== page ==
While 91% of Apple users run iOS 7, five different versions of Android hold 10%+ share

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  • Reply 61 of 184
    mstonemstone Posts: 11,510member
    Quote:

    Originally Posted by Gatorguy View Post

     
    There's a lot of bad guys out there trying their best to find their way in to our mobile devices. So far mobile OS's have been relatively secure.


    In this case the guy is a professor at UC Riverside.

  • Reply 62 of 184
    gatorguygatorguy Posts: 20,440member
    pscooter63 wrote: »
    Do tell us of an instance in the past two to three years where that would have been beneficial for iOS.
    A Google Play Services-like feature might have helped get some of these fixes out faster. I've no idea how difficult it would be for Apple to separate core apps from the OS itself so perhaps it's a moot question.
    http://macmint.com/apple-releases-ios-7-0-6-fix-ssl-bug/
  • Reply 63 of 184
    gatorguygatorguy Posts: 20,440member
    mstone wrote: »
    In this case the guy is a professor at UC Riverside.

    ...and some white hats too thank goodness.
  • Reply 64 of 184
    dasanman69dasanman69 Posts: 12,979member
    solipsismx wrote: »
    Absolutely!

    How so if the the problem for both is the same (missing features) solution for both is the same (buy new hardware)?
  • Reply 65 of 184
    gatorguygatorguy Posts: 20,440member
    solipsismx wrote: »
    That's part of the problem with pretty much everything Google does that I have to assume it's purposely done to avoid transparency. You say Google Android to refer to non-forked versions of Android but the forked version are still using Android which comes from Google. To not cal it Android is like saying Android doesn't use Linux simply because Google did their own thing with it.

    This issue goes further when they do API changes but still refer to Android by a specific version number which only looks like it's done so they can claim a higher install base for a given arbitrary value to help obfuscate the amount of fragmentation they really have.

    But I don't think it's all from a choice to muddle the facts, I think the other part is simply from bad planning, like with their size chart which has a lot of overlap for the various size categories.

    I look at all this and think what a nightmare for developers and customers alike.

    Sorry Soli. Just saw this post so I wasn't ignoring you.

    I'm not really clear on what point you're trying to make. Google obviously has no control over what Amazon chooses to do with their own Android-based OS build. GOOG committed to AOSP long ago and to their credit still contribute to and maintain it even tho Amazon, Nokia and others who use it for commercial benefit aren't contributing back to it. Are you perhaps saying Google should never have open-sourced any part of the OS and blocked any efforts for others to commercially use it in any way? Or are you proposing that Google help Amazon in developing and maintaining a highly-customized and modified fork of Android that serves only Amazon's purposes? I don't think Amazon even acknowledges that their OS is Android-based, nor how much of Android remains in it.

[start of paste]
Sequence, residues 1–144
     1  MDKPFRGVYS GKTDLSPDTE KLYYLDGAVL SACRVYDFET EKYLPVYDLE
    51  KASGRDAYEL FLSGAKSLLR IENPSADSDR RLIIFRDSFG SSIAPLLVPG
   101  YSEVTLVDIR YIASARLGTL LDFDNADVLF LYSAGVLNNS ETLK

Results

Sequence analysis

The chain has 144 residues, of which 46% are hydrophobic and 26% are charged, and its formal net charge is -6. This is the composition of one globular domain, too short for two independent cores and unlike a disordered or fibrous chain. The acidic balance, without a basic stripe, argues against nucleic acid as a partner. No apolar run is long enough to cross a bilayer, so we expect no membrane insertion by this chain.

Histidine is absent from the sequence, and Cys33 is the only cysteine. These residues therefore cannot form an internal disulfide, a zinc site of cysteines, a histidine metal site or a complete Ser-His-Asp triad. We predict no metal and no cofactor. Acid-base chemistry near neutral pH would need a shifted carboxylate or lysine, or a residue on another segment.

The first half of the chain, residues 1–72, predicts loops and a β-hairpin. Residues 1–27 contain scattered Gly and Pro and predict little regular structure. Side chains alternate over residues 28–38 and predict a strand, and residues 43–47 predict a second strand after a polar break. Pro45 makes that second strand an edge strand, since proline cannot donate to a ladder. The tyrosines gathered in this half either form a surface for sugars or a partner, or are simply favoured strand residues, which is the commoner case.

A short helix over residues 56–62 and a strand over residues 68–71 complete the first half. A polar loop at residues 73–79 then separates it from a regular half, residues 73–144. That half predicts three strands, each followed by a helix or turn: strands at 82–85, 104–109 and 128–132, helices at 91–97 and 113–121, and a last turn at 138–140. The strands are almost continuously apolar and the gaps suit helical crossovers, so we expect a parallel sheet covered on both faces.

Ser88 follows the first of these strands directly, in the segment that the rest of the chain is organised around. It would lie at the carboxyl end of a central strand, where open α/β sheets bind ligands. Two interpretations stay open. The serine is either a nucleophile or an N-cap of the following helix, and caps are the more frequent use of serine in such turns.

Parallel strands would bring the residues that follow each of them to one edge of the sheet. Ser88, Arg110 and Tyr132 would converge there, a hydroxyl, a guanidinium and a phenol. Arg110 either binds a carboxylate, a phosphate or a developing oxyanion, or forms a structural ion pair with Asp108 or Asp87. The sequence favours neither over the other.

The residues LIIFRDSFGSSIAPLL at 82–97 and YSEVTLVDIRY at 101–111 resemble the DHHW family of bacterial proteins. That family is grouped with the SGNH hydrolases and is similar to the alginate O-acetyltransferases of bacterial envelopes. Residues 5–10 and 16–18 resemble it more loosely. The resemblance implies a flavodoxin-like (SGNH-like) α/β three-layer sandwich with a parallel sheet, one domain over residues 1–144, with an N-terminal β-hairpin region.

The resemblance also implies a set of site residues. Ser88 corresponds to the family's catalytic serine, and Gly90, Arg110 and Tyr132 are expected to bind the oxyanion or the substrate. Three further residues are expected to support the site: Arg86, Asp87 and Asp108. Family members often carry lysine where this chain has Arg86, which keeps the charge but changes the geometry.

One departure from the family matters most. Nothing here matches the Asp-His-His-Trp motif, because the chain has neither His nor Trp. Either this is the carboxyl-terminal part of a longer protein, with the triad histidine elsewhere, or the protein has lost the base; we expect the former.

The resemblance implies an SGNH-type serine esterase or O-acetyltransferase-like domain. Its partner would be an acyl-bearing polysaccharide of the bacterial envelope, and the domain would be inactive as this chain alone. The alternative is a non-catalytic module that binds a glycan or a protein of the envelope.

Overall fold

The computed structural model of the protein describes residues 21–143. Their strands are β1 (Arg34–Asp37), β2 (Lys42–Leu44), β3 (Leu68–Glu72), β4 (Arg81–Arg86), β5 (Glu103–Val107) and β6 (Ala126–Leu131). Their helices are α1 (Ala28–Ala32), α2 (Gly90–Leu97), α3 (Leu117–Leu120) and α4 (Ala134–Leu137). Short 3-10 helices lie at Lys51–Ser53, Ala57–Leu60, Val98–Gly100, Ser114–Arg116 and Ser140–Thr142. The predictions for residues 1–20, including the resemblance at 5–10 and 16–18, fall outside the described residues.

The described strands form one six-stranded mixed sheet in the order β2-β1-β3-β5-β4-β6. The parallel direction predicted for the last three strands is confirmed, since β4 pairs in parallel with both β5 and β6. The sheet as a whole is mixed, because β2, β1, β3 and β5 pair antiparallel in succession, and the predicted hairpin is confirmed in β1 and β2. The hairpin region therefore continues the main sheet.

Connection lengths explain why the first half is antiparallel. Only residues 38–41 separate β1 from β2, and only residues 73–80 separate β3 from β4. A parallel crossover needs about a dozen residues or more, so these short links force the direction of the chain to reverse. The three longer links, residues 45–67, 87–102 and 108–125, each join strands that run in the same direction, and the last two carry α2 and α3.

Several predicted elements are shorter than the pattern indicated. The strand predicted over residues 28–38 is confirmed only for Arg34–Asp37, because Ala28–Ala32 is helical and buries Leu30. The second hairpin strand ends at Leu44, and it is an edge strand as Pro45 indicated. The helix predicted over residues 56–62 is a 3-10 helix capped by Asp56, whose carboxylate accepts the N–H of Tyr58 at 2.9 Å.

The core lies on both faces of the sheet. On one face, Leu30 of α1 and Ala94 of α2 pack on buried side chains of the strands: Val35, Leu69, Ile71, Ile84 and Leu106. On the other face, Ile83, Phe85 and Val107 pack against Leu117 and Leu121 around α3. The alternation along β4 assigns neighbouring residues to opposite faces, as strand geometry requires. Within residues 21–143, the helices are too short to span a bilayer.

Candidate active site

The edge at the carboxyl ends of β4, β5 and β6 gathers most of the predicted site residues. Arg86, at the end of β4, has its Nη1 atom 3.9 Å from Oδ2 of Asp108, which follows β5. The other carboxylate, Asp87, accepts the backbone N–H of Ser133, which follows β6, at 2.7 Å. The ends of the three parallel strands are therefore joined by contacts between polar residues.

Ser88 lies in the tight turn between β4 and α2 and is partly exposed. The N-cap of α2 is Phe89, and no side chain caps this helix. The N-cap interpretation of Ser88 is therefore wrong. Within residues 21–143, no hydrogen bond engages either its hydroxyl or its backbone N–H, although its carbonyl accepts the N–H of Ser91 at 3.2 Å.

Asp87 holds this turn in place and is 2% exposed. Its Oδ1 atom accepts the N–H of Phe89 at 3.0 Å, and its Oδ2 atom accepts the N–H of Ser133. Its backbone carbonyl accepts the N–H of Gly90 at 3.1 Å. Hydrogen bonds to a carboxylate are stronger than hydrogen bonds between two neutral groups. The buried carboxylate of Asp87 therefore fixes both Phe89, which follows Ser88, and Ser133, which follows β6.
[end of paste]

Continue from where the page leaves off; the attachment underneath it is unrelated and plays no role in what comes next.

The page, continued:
I'm a bit confused as to what you're trying to say.
  • Reply 66 of 184
    deepen03deepen03 Posts: 101member

    85.7 PERCENT OF ANDROID USERS ARE ON 4.0 OR UP! Nice click bait article!

  • Reply 67 of 184
    jfanningjfanning Posts: 3,385member
    In which case you have fragmentation because some devices (Amazon, Chinese vendors) don't connect to Google Play, and others aren't updated even though they conceivably could be.  Which is just another dimension of fragmentation introduced in an effort to roll out security updates across a fragmented core OS that cannot be updated on many devices for either device compatibility reasons or device vendor negligence (they don;t work to offer the updates, preferring their customers to be forced to buy a new handset or tablet).  

    If they don't connect to google play, then they aren't an android service counted in Googles stats
  • Reply 68 of 184
    deepen03deepen03 Posts: 101member
    Quote:

    Originally Posted by SolipsismX View Post





    Features dependent on HW in some way, not APIs.

    oh so explain Siri then? Why can't an iPhone 4 or iPad 2 run Siri? Siri is a SOFTWARE that runs off of a server. It requires no new hardware to run.

  • Reply 69 of 184
    deepen03deepen03 Posts: 101member

    THIS should be the headline.

     

    "91 percent of iOS users run iOS7, while 85.7 percent of Android users run Android 4.0 or up"

  • Reply 70 of 184
    tallest skiltallest skil Posts: 43,399member
    Originally Posted by deepen03 View Post

    ...4.0 OR UP!